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Accomplishing goals during a 'she-cession'

Millions of women have dropped out of the traditional workforce during the pandemic. Here are some ways they can make the most of the moment.

ST. LOUIS — The economic impacts of the pandemic have been dubbed a "she-cession," with more women losing their jobs or even dropping out of the workforce than men.

That's for a variety of reasons: childcare or other responsibilities at home, new career needs or even working in fields where the jobs aren't really back yet. More than 2.5 million women dropped out of the workforce since February 2020, and they’re returning to work at much slower rates.

“I think we need to first acknowledge that it was really tough,” said Taylor Mobley, a mom, blogger, and productivity and business coach. “But I think I'm actually excited about what it means for the future.”

That’s because she says women can still accomplish career and life goals, even from home while chasing kids around or feeling stuck in another job.

“I think it's having that plan in place and then just making the tiny steps forward, whether that's new job applications, networking, if it's starting a business, it's filing your paperwork,” she said. “And congratulate yourself when you hit the small milestones and continue to move forward.”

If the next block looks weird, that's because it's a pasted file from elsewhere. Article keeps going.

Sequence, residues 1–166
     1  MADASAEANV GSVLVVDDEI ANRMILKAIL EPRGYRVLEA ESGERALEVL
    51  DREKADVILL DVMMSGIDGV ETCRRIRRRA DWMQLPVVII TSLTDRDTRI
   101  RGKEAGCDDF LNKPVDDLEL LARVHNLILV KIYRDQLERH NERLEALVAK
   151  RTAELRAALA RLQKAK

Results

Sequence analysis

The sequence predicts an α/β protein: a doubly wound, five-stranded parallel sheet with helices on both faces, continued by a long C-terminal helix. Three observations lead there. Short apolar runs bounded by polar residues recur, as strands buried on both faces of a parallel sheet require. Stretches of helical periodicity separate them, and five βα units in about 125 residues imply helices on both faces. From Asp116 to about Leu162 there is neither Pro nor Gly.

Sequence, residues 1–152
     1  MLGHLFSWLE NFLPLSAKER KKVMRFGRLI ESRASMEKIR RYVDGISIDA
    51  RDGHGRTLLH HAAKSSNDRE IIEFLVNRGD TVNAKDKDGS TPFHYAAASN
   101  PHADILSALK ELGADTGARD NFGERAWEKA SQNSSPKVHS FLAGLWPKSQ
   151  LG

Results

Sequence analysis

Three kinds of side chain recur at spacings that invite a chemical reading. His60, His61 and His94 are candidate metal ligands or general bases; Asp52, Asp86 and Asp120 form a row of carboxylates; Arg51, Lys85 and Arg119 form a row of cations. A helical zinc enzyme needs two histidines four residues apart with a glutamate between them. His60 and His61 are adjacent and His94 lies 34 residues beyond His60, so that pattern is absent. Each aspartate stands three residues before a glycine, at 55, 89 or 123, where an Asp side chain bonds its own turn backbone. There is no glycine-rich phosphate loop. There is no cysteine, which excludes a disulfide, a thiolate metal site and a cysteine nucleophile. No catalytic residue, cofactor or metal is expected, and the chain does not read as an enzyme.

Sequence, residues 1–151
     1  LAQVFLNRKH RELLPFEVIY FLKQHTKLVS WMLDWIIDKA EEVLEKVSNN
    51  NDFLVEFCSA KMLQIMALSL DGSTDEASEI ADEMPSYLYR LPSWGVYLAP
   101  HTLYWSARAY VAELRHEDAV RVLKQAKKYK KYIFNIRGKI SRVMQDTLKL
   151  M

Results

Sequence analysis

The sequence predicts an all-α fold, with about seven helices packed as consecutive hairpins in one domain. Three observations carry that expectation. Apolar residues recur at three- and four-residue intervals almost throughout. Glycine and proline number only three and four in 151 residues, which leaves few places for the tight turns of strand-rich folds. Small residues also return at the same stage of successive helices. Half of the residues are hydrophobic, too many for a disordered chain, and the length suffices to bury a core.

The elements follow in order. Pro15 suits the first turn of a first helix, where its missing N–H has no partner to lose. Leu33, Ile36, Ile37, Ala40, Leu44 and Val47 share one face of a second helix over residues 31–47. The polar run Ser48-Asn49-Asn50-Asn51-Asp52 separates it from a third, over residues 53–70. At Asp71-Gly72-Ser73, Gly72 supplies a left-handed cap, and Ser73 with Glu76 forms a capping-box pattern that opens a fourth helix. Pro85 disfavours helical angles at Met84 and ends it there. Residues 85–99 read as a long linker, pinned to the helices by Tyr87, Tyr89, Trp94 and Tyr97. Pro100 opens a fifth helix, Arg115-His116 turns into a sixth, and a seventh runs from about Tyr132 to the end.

It’s OK to adjust your pace, since 2020 threw off every other timeline, forgive yourself if it threw off yours, too.

"I think it's a constant pivot and realigning,” she said. “So instead of saying, well, this was my goal and now it's out the window and now I'm kind of in limbo, let's sit down and say, ‘OK, this was our goal. It was a good goal, but it's maybe not going to happen right now,’ so let's put it aside for a moment and say ‘what is in our immediate future that we can focus on instead?’”

Looking back on the last year: be proud of the small accomplishments along the way, even ones you didn’t even notice at the time.

“I did have to work with my kids for a year. But you know what? I've gained a lot of new skills and my kids have watched me be this incredible woman working and raising a family,” said Mobley. “That's a cool, valuable life lesson for them.”

Above all, she says, go easy on yourself, and find time to prioritize you. 

“So find what that small thing is to fill your cup up throughout the day,” she said. “Don't just wait until you're totally depleted to say I'm burned out and I have nothing left to give.”